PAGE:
The proposed building would be five stories tall and contain 46 units ranging from one to three bedrooms. There would also be 33 underground parking stalls for residents, replacing the 41 parking stalls currently behind the church.
Ald. Mike Verveer, District 4, stressed how important the type of meeting was for the neighborhood. As a historical neighborhood, Mansion Hill rarely ever has large projects that require meetings of this kind.
Verveer said resident and parishioner opinions would take a large part in both the plans themselves and the likelihood of them being approved by the various city committees that will consider them.
Parishioners of the church questioned whether an apartment building was the best use for the land.
One of their main concerns about land use had to do with parking. With parking limited, the loss of 41 stalls would force many people to park in the ramp across the street, which may be too full to accommodate the extra cars.
Another concern of parishioners was about who would live in the proposed building. For example, parishioner Gail Geib was concerned the building may become home to an unsavory crowd, and many other parishioners expressed they would like the building to be for attendees of the church.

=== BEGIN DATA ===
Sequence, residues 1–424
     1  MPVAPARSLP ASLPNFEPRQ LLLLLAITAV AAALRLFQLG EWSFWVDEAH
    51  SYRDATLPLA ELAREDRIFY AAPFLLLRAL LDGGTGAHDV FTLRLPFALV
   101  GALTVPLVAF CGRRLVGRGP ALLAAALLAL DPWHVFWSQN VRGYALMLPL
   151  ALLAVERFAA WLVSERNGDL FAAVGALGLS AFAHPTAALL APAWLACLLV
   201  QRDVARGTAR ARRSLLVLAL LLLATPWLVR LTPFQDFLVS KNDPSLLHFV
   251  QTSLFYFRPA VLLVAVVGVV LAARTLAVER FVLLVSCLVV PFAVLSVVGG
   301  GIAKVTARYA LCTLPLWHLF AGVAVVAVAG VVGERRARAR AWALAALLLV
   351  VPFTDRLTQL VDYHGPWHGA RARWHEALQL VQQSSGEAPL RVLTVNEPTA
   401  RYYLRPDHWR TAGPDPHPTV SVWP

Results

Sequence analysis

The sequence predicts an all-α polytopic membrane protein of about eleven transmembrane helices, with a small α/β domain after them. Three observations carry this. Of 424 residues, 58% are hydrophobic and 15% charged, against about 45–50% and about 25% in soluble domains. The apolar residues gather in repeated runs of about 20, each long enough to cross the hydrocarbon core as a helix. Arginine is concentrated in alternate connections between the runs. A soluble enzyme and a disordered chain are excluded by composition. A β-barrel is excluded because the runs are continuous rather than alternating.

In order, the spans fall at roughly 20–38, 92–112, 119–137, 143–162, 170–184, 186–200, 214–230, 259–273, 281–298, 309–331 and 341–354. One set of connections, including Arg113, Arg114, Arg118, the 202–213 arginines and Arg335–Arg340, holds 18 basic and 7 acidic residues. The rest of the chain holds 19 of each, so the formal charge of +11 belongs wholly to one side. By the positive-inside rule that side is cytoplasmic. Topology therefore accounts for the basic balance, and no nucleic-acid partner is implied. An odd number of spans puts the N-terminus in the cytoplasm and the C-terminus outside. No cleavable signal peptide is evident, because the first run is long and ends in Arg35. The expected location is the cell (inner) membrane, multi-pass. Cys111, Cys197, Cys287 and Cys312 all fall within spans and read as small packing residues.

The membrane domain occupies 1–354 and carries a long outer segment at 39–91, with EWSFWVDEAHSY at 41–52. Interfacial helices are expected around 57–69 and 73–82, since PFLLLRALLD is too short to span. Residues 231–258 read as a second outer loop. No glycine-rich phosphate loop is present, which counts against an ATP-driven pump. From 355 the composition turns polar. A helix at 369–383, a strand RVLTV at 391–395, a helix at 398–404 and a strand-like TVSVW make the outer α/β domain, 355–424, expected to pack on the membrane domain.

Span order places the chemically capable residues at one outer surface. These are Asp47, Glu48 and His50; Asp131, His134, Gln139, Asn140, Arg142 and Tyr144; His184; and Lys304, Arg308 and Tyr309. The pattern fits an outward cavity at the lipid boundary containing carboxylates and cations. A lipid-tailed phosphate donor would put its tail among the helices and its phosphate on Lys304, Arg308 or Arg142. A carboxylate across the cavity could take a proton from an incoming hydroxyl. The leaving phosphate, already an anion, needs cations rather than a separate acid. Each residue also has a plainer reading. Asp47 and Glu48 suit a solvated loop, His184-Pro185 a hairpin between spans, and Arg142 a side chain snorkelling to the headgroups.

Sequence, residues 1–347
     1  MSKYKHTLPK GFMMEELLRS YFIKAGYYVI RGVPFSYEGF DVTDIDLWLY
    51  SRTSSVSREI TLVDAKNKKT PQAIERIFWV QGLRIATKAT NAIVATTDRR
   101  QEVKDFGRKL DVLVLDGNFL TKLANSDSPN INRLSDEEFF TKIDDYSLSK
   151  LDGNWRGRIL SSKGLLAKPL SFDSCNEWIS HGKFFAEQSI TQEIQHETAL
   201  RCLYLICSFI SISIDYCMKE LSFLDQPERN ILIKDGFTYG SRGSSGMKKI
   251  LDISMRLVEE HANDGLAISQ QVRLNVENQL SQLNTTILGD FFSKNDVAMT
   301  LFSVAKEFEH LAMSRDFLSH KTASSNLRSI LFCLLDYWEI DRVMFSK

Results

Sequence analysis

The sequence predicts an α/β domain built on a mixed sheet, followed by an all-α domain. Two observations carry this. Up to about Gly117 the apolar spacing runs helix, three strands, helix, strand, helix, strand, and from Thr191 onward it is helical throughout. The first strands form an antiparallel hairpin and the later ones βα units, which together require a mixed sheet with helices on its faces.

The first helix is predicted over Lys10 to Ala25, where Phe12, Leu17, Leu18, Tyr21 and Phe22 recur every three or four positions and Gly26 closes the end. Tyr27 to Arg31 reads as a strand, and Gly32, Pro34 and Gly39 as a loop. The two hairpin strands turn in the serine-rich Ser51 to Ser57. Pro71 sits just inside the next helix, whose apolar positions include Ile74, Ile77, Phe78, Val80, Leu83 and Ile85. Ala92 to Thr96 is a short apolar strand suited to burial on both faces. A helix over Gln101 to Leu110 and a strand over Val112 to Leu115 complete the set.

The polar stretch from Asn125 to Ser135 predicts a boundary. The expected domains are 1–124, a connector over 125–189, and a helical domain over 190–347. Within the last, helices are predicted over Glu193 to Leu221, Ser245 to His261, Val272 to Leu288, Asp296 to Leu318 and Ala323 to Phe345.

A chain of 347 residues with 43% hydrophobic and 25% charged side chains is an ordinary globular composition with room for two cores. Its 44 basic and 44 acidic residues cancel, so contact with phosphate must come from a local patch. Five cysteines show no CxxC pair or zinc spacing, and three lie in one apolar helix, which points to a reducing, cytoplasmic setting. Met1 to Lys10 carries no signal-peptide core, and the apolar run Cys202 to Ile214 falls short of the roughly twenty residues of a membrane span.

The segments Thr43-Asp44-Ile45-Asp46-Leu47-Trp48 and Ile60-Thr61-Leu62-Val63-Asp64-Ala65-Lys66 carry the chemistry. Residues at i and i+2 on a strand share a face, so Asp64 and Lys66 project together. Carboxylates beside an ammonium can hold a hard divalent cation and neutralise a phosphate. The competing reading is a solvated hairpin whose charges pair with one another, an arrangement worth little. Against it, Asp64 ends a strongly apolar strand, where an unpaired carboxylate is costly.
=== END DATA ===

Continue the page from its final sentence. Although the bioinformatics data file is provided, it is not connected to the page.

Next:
Under Madison’s fair housing laws, apartment leasers are not allowed to discriminate based on religion or lifestyle, according to Tom Kline, vice president of Oakbrook Companies, the firm that would handle the property management of the apartment.
Kline assured parishioners all residents would go through a thorough screening process, but the company must follow Madison fair housing laws.
Chair of Mansion Hill Neighborhood Association Gene Devitt agreed an apartment might not be the best use for this land.
Devitt believes the land should be used for something that would attract more people to come downtown to attend church instead of choosing a church in a more suburban setting.
“Churches are very important to our (downtown) neighborhoods,” Devitt said.
Devitt suggested the possibility of leasing to a private school company that would draw families downtown to the church.
Other residents not affiliated with the church were excited about the project and liked the idea of providing more space for people to live downtown near businesses.
“From a neighbor standpoint, I think that this is an excellent project,” resident Richard Kiesling said.
Most parishioners were still unconvinced about the project by the end of the meeting, especially concerning the parking situation.
“You have to understand, a church is a living organism,” Geib said. “We need to have access.”
If the project goes ahead as planned, construction will begin around this time next year and be completed the following year.